Abstract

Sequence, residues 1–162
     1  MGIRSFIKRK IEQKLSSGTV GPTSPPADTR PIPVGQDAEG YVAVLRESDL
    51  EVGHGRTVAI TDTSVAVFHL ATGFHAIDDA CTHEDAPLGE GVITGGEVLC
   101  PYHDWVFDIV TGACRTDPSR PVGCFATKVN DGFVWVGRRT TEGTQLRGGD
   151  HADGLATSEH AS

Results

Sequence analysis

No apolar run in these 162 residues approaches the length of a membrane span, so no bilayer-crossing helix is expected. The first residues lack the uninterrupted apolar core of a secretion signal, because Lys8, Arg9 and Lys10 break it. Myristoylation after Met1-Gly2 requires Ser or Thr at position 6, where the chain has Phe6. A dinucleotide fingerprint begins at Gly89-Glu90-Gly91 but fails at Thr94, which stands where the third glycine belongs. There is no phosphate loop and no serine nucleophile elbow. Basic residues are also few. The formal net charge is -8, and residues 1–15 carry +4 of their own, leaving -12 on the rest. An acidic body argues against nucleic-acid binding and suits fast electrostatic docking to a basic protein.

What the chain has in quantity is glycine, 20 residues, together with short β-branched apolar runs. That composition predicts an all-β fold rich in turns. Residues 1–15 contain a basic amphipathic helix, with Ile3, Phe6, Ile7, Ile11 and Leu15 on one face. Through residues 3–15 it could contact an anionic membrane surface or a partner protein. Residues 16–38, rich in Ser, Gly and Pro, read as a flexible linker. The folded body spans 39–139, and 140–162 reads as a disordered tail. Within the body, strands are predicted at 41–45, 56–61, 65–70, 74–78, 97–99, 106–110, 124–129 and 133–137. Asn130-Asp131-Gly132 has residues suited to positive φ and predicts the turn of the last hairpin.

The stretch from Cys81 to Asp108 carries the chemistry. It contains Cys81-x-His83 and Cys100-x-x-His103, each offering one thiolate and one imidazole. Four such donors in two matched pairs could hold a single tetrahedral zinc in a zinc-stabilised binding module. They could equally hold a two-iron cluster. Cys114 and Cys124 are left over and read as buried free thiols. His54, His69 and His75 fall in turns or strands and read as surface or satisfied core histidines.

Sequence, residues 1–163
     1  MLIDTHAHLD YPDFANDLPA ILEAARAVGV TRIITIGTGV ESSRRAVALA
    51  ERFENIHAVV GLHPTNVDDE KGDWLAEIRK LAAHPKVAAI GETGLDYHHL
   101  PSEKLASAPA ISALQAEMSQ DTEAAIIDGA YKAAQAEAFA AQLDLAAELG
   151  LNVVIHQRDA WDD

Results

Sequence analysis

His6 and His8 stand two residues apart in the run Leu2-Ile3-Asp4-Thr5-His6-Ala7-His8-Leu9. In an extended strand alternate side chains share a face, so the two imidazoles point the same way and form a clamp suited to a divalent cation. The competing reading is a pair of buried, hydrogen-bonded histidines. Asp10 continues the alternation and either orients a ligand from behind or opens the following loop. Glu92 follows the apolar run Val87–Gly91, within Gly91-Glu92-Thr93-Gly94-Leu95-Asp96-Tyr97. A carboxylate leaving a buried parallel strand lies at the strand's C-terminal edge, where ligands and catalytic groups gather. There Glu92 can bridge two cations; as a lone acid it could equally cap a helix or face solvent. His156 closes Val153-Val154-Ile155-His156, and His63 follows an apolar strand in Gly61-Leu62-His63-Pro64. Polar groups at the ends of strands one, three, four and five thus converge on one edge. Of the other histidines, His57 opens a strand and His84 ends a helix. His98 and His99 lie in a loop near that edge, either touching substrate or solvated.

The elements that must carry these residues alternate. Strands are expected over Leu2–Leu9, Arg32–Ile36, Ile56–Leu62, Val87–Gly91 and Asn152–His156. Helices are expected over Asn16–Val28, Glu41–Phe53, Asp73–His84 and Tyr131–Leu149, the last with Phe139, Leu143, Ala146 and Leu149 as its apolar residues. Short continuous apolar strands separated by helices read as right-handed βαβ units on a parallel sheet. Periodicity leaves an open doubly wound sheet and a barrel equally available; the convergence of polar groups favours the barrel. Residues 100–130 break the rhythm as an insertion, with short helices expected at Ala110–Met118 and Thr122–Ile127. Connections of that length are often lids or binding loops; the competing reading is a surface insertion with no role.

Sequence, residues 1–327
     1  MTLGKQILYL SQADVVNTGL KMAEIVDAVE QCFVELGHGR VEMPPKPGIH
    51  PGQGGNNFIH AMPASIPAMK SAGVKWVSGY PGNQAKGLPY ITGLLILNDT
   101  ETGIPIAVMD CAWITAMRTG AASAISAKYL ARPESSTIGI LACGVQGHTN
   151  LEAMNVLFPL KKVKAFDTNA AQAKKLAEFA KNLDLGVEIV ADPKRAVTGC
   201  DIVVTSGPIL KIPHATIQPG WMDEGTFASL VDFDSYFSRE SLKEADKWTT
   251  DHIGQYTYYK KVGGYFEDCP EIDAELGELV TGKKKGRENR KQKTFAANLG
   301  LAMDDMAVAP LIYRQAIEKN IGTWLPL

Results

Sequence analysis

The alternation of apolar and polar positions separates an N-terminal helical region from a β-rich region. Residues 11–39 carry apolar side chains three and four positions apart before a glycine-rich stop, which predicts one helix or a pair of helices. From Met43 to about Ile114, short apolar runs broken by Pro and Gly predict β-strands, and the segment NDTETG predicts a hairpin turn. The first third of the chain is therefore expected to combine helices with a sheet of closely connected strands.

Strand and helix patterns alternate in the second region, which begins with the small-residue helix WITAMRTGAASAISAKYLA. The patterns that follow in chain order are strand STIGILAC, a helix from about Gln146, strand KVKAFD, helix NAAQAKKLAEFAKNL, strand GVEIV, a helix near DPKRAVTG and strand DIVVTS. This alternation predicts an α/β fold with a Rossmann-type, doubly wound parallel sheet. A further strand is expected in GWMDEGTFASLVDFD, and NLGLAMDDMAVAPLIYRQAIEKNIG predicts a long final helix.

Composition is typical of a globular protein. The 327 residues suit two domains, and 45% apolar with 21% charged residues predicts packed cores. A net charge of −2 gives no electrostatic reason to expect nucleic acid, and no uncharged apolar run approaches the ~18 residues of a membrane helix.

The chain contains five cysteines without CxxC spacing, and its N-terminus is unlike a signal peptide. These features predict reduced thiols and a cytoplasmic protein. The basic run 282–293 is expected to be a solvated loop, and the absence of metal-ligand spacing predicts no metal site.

The island of Bømlo presents a geological section through a Caledonian convergent plate margin. The Lykling Ophiolite and the overlying ensimatic are sequence of the Geitung Unit were emplaced onto the Baltic Shield, probably in Arenig times. After a period of deep erosion, the Basin and Range type volcanics of the Siggjo Complex were deposited followed by a hiatus in the magmatism and a weak but widespread phase of vertical tectonism, possibly due to the successful subduction of a spreading ridge. At the top of the mainly sedimentary Ashgill/Llandovery Vikafjord Group, the Basin and Range type volcanism resumed. This was probably preceded immediately by the calc-alkaline, subaerial volcanism at the base of the Langevåg Group, which passes stratigraphically upwards into basin-fill lithologies such as submarine volcaniclastics, cherts, turbidites and submarine greenstones of chemistry compatible with the early stages of ensialic back-arc basin development. The stratigraphy and volcanism are discussed in context with recent views on the rest of the Norwegian Caledonides.

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